What Do You See When You Look at a Stranger?

Feast of St. Andrew, the Apostle

Rom 10:9-18 / Mt 4:18-22

There is something in us human beings that inclines us time after time to define one another as either insiders or outsiders. Sometimes the distinction is racial or ethnic, sometimes it’s religious, sometimes the dividing line is economic or educational or political, or slave versus free. But whatever the cause, the lines are always there and firmly drawn. This kind of thinking has even invaded the Church at times. It was not until 1839 that a pope definitively condemned slavery. It was not until the end of Vatican Council II that the Church finally rejected the idea that there could be no salvation outside its boundaries.

St. Paul rejected that kind of thinking 2000 years ago, as we hear in today’s epistle. “There is no difference between Jew and Greek; all have the same Lord, rich in mercy to all who call upon Him.” It certainly does take a long time for that truth to trickle down to the rest of us! Yet the words of Jesus in the Gospels are full of that very insight. It makes us wonder how much of the rest of Jesus’ message we may have been missing!

Jesus asks us to look at one another — without exception — through God’s eyes, and to see in each human being either a brother or a sister, a beloved child of God like ourselves, a stumbling wayfarer very much like ourselves. He asks us to extend to each of God’s children the same compassion which God our Father extends to us every day without fail.

How can we say no? Very simply, we cannot!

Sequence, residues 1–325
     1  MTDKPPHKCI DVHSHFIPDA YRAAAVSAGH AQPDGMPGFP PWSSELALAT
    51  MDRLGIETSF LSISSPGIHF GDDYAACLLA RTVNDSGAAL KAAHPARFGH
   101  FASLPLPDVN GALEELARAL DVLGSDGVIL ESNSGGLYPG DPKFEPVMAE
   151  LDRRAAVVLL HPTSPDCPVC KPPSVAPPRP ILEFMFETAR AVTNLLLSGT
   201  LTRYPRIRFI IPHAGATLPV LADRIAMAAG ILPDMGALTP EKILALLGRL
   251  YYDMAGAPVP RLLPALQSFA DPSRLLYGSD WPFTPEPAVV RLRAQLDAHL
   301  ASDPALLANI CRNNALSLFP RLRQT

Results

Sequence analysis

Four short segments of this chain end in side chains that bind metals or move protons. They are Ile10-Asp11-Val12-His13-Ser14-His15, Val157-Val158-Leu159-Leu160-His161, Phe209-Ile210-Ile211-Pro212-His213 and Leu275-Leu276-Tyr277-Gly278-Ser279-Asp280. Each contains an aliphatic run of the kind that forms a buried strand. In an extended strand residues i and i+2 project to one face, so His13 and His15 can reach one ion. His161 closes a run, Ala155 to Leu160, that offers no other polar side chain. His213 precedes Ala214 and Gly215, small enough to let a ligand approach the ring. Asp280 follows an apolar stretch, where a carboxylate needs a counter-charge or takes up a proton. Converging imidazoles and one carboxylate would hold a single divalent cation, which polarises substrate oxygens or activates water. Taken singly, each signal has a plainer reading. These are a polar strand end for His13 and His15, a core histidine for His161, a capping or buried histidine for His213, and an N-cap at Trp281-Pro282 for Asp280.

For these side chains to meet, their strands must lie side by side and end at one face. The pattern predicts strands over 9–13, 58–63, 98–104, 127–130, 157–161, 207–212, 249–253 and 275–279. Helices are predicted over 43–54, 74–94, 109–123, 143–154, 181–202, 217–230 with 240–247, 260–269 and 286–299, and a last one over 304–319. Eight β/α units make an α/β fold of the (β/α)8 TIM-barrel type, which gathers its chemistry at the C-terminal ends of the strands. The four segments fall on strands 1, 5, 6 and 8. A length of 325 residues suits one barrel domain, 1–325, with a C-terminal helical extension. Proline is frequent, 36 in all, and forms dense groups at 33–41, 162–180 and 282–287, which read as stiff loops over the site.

• moniconnects

    “Vatican Council II…finally rejected the idea that there could be no salvation outside its boundaries.”

    Correctly understood, Vatican II NEVER rejected that idea, and it is STILL the teaching of the Church. (See Catechism, #846) There was no change of Church teaching, because as the Catechism goes on to say (#847), “This affirmation is not aimed at those who, through no fault of their own, do not know Christ and his Church.” And it never was.

  • jgeleney

    Moniconnects: you fail to post the remainder of paragraph #847 that says: “Those who, through no fault of their own, do not know the Gospel of Christ or his Church, but who nevertheless seek God with a sincere heart, and, moved by grace, try in their actions to do his will as they know it through the dictates of their conscience—those too may achieve eternal salvation.”
    The paradox is this: yes, salvation is “from Christ the Head through the Church which is his Body” but those who seek God outside the church also can attain salvation. What Vatican II is basically rejecting is a requirement for an explicit membership in the Church as a requirement for salvation. In this sense, Msgr. Clark is correct, because there is salvation outside the explicit boundaries of the Church.